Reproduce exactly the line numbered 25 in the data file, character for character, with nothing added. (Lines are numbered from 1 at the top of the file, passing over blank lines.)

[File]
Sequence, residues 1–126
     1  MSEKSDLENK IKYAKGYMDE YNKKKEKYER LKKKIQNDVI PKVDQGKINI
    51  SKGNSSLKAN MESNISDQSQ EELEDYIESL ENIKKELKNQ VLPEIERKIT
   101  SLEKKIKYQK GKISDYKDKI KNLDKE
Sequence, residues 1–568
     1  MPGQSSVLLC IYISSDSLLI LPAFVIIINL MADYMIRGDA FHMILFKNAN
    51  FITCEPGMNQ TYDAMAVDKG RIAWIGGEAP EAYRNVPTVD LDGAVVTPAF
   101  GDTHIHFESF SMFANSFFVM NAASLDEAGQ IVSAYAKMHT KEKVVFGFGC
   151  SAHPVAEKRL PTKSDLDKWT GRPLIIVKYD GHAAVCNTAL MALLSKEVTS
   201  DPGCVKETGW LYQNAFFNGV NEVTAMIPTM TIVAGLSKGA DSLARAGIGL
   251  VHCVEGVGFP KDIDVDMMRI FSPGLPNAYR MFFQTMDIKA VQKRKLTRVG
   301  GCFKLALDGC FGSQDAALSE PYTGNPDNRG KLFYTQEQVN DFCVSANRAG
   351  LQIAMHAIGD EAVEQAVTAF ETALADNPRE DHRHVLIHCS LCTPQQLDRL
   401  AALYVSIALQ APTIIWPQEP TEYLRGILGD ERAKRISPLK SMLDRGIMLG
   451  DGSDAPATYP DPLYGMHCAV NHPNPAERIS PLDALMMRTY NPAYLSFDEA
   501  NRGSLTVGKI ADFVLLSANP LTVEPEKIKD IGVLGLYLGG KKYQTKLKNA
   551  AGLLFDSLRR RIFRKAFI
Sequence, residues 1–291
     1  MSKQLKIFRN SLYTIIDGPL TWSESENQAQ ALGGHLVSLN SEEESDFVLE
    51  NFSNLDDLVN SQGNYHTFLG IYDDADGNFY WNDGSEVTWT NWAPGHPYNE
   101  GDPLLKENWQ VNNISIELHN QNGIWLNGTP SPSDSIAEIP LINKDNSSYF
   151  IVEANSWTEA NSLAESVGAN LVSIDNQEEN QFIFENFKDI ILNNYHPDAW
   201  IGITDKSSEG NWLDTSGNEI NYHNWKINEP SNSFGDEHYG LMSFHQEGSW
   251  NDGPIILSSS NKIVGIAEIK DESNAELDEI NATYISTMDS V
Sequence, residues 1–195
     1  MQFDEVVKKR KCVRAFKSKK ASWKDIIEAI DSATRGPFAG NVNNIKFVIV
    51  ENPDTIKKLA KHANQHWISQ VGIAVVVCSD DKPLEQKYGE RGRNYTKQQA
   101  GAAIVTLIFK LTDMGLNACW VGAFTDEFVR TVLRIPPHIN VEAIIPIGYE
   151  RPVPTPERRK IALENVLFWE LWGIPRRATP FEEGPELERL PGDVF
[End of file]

Sequence, residues 1–195